Read: Matthew 5:13-16
This week, we will be taking a deeper look at what it means to be salt, light, a city on a hill, and other ways that the Bible describes Christians in the world. These metaphors are all very useful as we try to navigate what it means to be a follower of Jesus in a culture where many others are not.
These verses in Matthew are part of Jesus’ Sermon on the Mount, and they come just after Jesus has given the Beatitudes–a list of blessings and rewards for acting counter to the world. Jesus is inviting his followers into a totally new way of living, a completely new way of being in the world. It would have been really radical to those people gathered together, listening to his sermon. And, over 2,000 years later, it is still really radical to those of us who read his words today.
So, Jesus follows his bold statements with a reminder of how his followers should positively impact the world. In Jesus’ time, salt would have been used to preserve meat. Covering meat in salt kept it from rotting. Like salt, we should preserve. We should prevent decay. Jesus also notes that if salt loses its saltiness, it should be thrown out, since it no longer has any use. What a warning to us!
Reflect: How am I doing at this? Am I a person who preserves the good and the worth around me? Or have I lost my saltiness? Where can I be salt today?
Pray: God, help me to be a person that preserves the good around me. Help me to not lose my saltiness. Amen.
Read: Isaiah 58:1-9
Poor Isaiah. It must have been tough to be a prophet. God’s people are returning from exile, and Isaiah is tasked with teaching the people how to follow God. God is concerned with the character of his people. So, in the passage we read for today, Isaiah is reminding the people that their behavior matters. How they treat the oppressed matters. God’s people have failed to be righteous. Isaiah reminds them that their fasting doesn’t matter if they are ignoring God’s commands and mistreating others.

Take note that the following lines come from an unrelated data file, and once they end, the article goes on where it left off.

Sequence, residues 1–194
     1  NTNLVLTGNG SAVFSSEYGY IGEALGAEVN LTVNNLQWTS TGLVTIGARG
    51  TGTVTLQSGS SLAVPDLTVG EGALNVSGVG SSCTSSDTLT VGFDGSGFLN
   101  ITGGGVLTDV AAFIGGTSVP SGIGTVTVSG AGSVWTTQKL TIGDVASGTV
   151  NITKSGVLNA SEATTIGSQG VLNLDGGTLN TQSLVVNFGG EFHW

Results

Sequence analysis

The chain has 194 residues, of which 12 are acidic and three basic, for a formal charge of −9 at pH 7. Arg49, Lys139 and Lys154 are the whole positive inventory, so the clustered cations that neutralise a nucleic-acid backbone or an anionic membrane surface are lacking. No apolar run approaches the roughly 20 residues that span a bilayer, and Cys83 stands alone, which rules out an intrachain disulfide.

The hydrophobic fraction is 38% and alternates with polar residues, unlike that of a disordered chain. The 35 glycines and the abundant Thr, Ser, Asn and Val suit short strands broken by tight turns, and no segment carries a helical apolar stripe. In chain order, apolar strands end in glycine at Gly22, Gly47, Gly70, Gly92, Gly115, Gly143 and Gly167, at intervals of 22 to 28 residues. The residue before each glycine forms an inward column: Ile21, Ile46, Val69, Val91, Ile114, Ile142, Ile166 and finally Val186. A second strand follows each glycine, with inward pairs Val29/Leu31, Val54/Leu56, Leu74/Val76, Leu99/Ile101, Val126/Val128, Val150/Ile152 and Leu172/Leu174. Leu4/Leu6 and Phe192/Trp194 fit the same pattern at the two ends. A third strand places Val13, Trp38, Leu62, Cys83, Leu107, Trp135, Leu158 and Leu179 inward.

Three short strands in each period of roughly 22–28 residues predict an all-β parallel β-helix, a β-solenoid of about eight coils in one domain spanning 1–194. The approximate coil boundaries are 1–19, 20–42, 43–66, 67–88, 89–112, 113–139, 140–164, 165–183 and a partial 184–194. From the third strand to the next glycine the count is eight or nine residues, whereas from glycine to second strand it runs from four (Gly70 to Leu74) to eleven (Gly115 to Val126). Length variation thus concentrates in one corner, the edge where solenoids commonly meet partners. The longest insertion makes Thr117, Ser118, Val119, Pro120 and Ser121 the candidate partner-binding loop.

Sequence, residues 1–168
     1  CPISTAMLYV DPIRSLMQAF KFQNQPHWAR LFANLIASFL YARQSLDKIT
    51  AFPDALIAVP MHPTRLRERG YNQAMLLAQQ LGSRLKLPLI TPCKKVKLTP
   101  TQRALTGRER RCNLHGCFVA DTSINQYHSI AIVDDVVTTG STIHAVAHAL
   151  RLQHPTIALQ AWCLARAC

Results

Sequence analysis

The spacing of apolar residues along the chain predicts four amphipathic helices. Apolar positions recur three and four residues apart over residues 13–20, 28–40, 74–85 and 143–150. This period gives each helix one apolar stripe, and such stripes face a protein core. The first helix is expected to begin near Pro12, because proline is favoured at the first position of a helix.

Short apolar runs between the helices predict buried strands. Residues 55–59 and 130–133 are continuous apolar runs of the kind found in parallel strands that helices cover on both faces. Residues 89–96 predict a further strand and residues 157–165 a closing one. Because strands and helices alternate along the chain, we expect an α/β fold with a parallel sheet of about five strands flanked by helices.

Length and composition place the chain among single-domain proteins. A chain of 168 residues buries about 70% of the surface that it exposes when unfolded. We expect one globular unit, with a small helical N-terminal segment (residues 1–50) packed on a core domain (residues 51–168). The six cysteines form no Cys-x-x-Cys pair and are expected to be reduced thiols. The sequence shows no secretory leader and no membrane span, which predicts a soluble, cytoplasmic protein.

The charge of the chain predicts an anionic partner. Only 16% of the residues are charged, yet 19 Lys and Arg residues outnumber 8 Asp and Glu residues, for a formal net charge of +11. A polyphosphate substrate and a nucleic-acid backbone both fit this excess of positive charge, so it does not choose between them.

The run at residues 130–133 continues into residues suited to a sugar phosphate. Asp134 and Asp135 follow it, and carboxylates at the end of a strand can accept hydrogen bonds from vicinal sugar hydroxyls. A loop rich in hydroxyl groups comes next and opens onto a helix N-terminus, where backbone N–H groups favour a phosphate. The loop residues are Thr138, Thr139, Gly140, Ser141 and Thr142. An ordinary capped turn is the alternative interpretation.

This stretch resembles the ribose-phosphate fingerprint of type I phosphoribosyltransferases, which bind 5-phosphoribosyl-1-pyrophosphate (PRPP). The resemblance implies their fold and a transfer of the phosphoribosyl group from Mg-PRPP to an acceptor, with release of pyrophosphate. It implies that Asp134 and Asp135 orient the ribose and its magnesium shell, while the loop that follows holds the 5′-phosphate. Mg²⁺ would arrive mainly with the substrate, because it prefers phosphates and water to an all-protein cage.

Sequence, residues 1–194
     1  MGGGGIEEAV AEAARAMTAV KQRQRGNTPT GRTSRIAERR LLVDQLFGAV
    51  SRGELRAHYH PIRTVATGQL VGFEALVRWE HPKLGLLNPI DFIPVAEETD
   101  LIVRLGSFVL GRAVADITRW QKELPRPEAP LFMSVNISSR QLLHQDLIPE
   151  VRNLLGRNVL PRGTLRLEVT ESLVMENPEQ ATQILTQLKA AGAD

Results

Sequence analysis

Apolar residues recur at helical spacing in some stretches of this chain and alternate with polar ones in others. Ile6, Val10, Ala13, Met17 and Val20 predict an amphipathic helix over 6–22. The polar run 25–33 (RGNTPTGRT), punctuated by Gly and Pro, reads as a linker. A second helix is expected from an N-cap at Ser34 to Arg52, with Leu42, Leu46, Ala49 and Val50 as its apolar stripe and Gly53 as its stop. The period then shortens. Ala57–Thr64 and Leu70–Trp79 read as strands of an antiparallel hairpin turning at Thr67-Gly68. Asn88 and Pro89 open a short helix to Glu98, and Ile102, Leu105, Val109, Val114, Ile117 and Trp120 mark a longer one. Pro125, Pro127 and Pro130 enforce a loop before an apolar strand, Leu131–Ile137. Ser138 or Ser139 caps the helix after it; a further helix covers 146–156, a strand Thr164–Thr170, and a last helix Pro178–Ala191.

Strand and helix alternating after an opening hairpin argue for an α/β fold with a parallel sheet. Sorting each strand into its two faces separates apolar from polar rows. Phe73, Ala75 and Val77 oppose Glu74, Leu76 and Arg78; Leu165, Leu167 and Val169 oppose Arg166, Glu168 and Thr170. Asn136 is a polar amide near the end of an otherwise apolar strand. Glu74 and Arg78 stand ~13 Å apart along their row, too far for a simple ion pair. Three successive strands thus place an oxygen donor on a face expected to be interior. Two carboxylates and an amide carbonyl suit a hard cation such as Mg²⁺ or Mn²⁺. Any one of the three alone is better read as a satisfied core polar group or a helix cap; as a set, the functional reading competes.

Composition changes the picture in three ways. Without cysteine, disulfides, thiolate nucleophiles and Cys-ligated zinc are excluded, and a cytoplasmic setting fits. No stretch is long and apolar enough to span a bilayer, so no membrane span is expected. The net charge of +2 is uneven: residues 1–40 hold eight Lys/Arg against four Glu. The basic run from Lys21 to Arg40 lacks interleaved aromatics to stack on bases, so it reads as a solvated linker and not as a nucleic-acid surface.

However, Isaiah goes on to remind the people that if they do what is right, if they treat others with mercy and justice, their “light will break forth like the dawn.” Our passage from yesterday reminds us, “You are the light of the world. A town built on a hill cannot be hidden. Neither do people light a lamp and put it under a bowl. Instead they put it on its stand, and it gives light to everyone in the house. In the same way, let your light shine before others, that they may see your good deeds and glorify your Father in heaven.”
When we live the way that God wants us to live, we are a light to the world. We cannot hide our light; instead, we display it to others. We should shine, and we shouldn’t try to hide it. Instead, we use our light to illuminate all of the dark spaces around us. Our passage in Matthew 5 reminds us that when we shine, the result is that God is praised.
Reflect: How am I a light in my community? What is one way I can “shine” this week?
Pray: God, you teach us to be a light on a hill, a light in the darkness. I’m supposed to light up the world, but sometimes I try to hide. Help me to find “dark spots” to light up this week. Amen.
Read: Matthew 5:13-16
Jerusalem was a city on a hill. It was prominent. It could be seen. It was an example. So, it’s no wonder that Jesus called his people a city on a hill. “A town on a hill cannot be hidden.” Like it or not, people will look to us to set a standard.